The Weight of our Sin

“For the kingdom of God is not a matter of eating and drinking
but of righteousness and peace and joy in the Holy Spirit.”
Romans 14:17 (ESV)

So Lent has begun (you know that because McDonald’s Fish Sandwich is back), and apparently that means it’s time to ramp up the guilt.  I know that this is a time when we reflect on the passion of Christ, his suffering for our salvation, a time of leaving behind the things of this world in order to “seek first the kingdom of God.”  But seriously, how is giving up chocolate, or caffeine, or anything else for that matter going to help?  What it will most likely do is make you irritable, until you cave in and break your fast, then all your left with is even more self-imposed guilt.  Where’s the sanctification in that?

Don’t get me wrong, I firmly believe that the life of the Christian is a life of constant warfare against sin.  It was the puritan pastor John Owen who put it so vividly, “Always be killing sin, or sin will be killing you.”  Any opportunity, no matter how painful or upsetting, to identify sin in my life and, in the power of God’s Spirit, conquer that sin is welcome.  But should that holy war against sin be limited to the 7 weeks of Lent?  I don’t think so.

Keep in mind, I write this to you with ashes on my forehead.  Yes, I began this Ash Wednesday in confession of my sins, seeking the mercy and grace of God for my forgiveness, confessing my trust and faith in Christ my savior.  But I do that every day.  Why should these next few weeks carry with them an extra burden?  Do we, for the sake of some liturgical drama, lay aside the receipt of the bloody cross, the blessings of the empty tomb, the assurance of our salvation, just so we can make ourselves “feel” more holy because we “feel” more guilty?

As you grieve your sins, remember the gospel!  Take your sins seriously, but remember we have a savior!  I heard Pastor Doug Wilson a few weeks ago say “We are privileged to carry our sins like David carried Goliath’s decapitated head.  The weight of the sin is cut off, the only weight you should feel is victory.”  Yes, I wear my ashes, but they are not heavy.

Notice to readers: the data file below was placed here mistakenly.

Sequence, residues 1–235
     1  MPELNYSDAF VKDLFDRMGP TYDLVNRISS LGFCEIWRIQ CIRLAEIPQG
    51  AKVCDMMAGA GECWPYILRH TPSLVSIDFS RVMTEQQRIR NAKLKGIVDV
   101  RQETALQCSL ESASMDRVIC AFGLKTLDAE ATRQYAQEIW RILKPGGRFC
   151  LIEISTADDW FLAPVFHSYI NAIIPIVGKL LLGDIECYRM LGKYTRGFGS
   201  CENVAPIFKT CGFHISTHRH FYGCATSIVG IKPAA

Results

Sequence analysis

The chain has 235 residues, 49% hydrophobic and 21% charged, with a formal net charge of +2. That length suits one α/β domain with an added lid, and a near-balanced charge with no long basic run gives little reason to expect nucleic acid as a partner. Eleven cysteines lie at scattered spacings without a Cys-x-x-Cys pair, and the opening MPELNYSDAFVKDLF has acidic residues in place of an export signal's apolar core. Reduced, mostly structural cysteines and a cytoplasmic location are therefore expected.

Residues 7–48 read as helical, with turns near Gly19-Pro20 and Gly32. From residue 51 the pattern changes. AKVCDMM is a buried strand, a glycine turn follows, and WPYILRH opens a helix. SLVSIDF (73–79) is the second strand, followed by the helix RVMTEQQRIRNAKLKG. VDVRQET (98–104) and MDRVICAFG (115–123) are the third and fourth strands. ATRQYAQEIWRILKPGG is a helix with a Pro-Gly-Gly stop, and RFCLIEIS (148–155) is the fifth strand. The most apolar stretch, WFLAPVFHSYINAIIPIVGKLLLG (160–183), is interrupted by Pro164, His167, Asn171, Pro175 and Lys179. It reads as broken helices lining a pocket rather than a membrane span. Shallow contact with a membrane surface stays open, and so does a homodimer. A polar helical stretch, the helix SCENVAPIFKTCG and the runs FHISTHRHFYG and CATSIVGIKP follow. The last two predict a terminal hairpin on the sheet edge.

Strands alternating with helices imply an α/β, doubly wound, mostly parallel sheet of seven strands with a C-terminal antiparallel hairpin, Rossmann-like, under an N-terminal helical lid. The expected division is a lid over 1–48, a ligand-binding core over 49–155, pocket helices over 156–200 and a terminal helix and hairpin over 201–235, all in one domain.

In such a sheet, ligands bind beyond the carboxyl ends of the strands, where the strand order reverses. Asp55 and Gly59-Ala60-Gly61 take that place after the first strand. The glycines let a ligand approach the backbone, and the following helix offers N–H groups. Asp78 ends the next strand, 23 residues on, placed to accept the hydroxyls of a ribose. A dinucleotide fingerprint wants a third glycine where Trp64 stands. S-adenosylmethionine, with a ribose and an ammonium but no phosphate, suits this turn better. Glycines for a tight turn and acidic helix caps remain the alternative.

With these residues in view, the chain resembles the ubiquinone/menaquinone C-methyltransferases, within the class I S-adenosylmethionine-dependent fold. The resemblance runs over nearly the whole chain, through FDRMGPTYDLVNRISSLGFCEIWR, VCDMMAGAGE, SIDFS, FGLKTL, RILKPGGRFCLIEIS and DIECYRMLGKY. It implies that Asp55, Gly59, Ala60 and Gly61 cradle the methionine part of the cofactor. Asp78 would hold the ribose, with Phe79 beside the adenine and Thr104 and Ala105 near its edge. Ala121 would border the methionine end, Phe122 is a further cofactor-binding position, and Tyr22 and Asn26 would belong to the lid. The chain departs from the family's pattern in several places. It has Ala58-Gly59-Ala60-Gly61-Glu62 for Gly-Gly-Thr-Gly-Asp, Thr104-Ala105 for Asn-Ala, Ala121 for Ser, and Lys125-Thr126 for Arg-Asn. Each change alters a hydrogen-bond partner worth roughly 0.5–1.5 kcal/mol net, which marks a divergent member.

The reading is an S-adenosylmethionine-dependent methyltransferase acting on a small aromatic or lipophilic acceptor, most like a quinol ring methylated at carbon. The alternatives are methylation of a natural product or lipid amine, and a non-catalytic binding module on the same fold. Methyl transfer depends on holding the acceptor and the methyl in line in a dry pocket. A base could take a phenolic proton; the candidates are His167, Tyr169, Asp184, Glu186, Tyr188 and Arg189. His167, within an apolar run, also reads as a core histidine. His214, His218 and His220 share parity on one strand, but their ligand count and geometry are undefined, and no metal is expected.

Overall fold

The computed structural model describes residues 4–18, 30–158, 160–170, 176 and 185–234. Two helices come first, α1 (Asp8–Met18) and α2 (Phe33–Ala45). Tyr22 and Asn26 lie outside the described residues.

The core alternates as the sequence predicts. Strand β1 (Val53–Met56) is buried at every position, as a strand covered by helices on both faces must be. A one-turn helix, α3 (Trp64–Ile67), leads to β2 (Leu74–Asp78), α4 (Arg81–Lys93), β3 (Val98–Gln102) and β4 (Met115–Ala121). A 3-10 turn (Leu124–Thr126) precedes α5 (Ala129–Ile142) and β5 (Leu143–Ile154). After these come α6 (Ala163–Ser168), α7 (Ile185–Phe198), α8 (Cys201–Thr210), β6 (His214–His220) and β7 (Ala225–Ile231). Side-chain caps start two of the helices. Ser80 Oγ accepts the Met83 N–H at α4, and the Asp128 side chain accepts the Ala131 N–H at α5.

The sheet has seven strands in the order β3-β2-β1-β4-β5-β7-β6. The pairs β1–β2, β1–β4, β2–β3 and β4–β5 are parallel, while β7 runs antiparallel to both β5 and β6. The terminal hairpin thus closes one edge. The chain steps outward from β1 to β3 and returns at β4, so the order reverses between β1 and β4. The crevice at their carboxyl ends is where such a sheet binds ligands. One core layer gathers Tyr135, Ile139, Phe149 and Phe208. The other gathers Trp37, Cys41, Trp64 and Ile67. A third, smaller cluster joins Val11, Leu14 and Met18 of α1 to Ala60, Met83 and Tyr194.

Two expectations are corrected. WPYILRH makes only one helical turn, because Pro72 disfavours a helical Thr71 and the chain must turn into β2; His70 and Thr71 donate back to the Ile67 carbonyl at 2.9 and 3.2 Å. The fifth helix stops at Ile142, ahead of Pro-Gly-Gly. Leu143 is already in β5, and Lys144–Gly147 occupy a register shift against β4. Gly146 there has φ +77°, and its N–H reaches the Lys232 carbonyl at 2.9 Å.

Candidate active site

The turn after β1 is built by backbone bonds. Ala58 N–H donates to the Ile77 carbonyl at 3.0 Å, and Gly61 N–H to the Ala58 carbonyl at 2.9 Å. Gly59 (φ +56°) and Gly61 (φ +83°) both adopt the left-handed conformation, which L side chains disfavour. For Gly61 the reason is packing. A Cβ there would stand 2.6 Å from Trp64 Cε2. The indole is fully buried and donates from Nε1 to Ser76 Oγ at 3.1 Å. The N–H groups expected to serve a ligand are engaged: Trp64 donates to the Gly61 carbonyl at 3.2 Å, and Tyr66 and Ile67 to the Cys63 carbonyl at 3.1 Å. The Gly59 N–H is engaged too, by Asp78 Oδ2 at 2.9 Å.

This Lenten season, turn the fast into a feast.  Rather than giving up stuff, revel in the one thing that will bring you great joy – revel in the gospel, the good news of your salvation.  I think the following is perhaps one of the best Lenten hymns I’ve ever heard.

 Before the throne of God above
I have a strong and perfect plea
A great High Priest whose name is Love
Who ever lives and pleads for me
My name is graven on His hands
My name is written on His heart
I know that while in heav’n He stands
No tongue can bid me thence depart
No tongue can bid me thence depart

 When Satan tempts me to despair
And tells me of the guilt within
Upward I look and see Him there
Who made an end of all my sin
Because the sinless Savior died
My sinful soul is counted free
For God the Just is satisfied
To look on Him and pardon me
To look on Him and pardon me

Behold Him there the Risen Lamb
My perfect spotless Righteousness
The great unchangeable I Am
The King of Glory and of grace
One with Himself I cannot die
My soul is purchased by His blood
My life is hid with Christ on high
With Christ my Savior and my God
With Christ my Savior and my God

Before the Throne
© 1997 Sovereign Grace Worship
Charitie Lees Bancroft | Vikki Cook
CCLI License No. 783539


Get Real

“If we say we have no sin, we deceive ourselves and the truth is not in us.  If we confess our sins, he is faithful and just to forgive our sins and cleanse us from all unrighteousness.” 
(I John 1:8-9 ESV)

Today being Ash Wednesday, the beginning of the Lenten Season, there is a lot of attention placed on penitence and confession.  Fat Tuesday was spent in wild celebration so that there would be something to confess on Ash Wednesday (as if there wasn’t enough already). 

But what does it really mean to confess your sins?  What does a genuine confession look like?  Now that there’s an App for Confessions (see here), what is the proper form of confession?